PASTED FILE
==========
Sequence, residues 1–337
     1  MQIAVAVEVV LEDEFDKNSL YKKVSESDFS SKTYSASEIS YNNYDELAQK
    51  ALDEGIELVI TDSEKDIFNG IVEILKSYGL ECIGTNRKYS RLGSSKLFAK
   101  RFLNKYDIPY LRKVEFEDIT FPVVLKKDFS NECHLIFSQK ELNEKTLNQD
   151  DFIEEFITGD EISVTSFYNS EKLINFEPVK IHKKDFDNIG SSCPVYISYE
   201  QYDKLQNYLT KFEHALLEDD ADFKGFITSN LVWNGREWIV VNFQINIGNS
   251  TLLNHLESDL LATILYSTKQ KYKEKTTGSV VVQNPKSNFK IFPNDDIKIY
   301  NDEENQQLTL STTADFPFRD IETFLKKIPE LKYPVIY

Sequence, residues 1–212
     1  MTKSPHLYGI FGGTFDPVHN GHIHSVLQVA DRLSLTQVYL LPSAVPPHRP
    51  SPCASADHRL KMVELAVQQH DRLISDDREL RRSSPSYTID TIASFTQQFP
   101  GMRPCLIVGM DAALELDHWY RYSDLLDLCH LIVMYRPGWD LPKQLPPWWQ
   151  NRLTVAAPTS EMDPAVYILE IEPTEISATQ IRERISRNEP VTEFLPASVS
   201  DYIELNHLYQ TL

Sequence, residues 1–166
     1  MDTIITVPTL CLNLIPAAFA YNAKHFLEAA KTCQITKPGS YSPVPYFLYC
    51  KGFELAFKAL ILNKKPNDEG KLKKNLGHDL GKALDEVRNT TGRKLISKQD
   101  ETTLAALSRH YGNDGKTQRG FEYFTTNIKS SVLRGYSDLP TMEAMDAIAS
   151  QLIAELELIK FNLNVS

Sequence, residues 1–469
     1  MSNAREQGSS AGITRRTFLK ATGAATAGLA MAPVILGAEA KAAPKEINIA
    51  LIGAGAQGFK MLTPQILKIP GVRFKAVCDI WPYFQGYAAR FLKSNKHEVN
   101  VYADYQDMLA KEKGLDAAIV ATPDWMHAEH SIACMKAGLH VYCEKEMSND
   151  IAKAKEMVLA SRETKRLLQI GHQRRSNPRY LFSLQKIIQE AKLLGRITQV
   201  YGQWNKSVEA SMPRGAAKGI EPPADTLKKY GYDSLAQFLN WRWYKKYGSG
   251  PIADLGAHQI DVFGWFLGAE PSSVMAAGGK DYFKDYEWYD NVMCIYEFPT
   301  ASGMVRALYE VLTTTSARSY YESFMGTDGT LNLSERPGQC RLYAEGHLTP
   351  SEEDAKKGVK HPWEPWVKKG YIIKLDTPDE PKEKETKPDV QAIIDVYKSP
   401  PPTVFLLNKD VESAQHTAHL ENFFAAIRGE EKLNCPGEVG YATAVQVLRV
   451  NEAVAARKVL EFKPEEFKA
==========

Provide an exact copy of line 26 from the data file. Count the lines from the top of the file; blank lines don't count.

   251  PIADLGAHQI DVFGWFLGAE PSSVMAAGGK DYFKDYEWYD NVMCIYEFPT